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Asian Tribune is published by World Institute For Asian Studies|Powered by WIAS Vol. 12 No. 2611

Goodwill and Understanding of Youth Vital for Peace, President Rajapaksa to Commonwealth Youth Ministers

Colombo, 28 April, (Asiantribune.com): Goodwill and understanding of the youth vital for peace. We cannot afford to allow terrorist forces to use the youth for their sinister purposes. Sri Lanka has for the past three decades been faced with a threat by the most brutal terrorist organization in the world, a terror outfit that does not hesitate to use our youth as pawns and cannon fodder in its brutal operations. Therefore, it is our resolve not to give in to these forces of terror; to save our youth from the clutches of these forces of modern day savagery,” said President Mahinda Rajapaksa, yesterday when addressing the Seventh Meeting of the Commonwealth Youth Ministers, which opened in Colombo.

“We know the danger it poses to our children and youth. Among the lasting consequences of the brain washing of child soldiers is such that even in adult life many of them remain committed to violence and terror,” the President said.

President Rajapaksa added: “There is an interesting observation that youth are used for war but not generally used for peace building. Today, throughout the world it is estimated that over three hundred thousand persons below the age of 18 are involved in armed conflict with non-state actors whilst another five hundred thousand have been recruited to military forces. In many situations youth are seen to be the source and origin of conflict due to perceived grievances and frustrations, both social and economic. Therefore, in all our societies that are affected by conflict it is necessary to build on the hope and goodwill of youth for the cause of peace and understanding.”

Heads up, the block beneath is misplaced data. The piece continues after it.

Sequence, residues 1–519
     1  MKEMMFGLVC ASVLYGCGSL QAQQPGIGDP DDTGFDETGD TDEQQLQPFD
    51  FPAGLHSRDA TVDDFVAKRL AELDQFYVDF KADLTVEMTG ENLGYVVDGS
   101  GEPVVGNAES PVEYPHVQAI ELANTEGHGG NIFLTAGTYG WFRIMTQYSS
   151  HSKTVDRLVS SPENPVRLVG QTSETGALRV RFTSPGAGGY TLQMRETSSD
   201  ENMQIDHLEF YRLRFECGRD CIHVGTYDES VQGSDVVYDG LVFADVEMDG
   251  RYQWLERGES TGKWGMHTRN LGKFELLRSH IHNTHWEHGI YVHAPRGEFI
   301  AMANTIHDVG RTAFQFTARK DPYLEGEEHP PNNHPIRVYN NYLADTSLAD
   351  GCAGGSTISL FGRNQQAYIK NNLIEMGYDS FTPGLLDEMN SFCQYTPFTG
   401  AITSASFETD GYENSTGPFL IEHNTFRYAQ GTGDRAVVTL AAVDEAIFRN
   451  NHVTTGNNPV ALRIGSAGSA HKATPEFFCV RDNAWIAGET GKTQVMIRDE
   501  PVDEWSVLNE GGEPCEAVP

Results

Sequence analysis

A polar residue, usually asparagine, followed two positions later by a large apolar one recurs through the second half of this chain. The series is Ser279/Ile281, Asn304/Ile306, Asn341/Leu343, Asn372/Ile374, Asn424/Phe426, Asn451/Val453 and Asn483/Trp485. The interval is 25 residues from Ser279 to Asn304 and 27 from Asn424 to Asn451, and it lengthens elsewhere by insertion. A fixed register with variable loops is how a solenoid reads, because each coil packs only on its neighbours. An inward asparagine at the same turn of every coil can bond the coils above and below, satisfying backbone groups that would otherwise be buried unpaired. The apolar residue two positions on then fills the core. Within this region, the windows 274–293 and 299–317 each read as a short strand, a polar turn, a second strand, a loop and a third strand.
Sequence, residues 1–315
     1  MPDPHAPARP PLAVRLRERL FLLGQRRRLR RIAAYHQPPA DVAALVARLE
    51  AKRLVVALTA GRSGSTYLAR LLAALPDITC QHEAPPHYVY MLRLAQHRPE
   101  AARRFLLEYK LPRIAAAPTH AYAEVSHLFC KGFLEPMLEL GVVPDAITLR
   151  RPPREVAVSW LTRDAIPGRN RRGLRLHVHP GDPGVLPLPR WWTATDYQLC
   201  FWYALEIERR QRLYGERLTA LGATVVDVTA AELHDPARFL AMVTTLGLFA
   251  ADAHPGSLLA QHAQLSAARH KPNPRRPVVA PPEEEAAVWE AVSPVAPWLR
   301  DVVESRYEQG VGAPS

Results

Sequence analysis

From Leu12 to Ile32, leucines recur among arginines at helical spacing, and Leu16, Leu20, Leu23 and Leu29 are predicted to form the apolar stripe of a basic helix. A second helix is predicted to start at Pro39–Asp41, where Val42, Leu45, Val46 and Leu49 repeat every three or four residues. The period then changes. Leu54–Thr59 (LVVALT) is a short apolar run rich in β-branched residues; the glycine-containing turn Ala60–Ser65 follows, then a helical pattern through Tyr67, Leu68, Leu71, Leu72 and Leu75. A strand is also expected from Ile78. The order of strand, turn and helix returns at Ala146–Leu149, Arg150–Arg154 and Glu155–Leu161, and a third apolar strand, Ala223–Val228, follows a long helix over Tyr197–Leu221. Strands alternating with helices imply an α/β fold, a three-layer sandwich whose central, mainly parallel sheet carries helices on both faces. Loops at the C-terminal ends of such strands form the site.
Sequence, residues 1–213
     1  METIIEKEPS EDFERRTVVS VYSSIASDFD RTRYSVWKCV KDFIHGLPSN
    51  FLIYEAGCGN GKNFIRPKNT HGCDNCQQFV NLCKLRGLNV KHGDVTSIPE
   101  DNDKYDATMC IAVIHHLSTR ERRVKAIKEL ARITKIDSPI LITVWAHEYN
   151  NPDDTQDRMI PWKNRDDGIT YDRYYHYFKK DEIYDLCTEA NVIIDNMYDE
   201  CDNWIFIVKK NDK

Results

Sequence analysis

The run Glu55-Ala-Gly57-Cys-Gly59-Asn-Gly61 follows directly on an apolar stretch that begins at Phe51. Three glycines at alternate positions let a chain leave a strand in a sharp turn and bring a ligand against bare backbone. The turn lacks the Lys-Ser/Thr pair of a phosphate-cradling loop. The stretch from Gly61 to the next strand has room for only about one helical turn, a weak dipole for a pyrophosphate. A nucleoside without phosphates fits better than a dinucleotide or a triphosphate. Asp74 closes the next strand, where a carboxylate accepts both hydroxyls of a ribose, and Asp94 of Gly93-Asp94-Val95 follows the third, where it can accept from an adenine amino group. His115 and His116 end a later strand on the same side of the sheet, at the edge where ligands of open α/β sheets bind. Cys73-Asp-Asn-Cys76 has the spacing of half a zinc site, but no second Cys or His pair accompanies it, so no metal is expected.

Here is the text of the President’s address:

It is my pleasure to welcome you all to Sri Lanka to participate in this Seventh Meeting of the Commonwealth Youth Ministers. My country one of the oldest members of the Commonwealth is glad to have you in our midst enjoying the renowned hospitality of Sri Lanka.

You will find here a most suitable location to discuss the emerging issues of youth development, specifically, the linkages between peace-building, social development and transformation as you address the theme of this meeting, “Youth and Peace Building”.

The unique nature of the Commonwealth spread across the continents with diverse political structures that embrace democracy is well positioned to discuss the issues that affect youth around the world today. Our acceptance of democracy must enable us to identify the problems faced by the youth in our countries linked by so many common causes. Similarly, we are also in a better position to arrive at solutions to these problems based on the traditions and wisdom of our societies and the shared knowledge of modern social structures.

Our government recognizes the importance of youth in national development. We see in our youth the future of our country which leads to a commitment to give the highest priority to ease the concerns of youth and resolve the main problems that face them.

These problems are made worse today by the economic hardships imposed on most of our member countries by external forces largely beyond our control. This situation calls for a common resolve to meet the challenges to the development of our youth.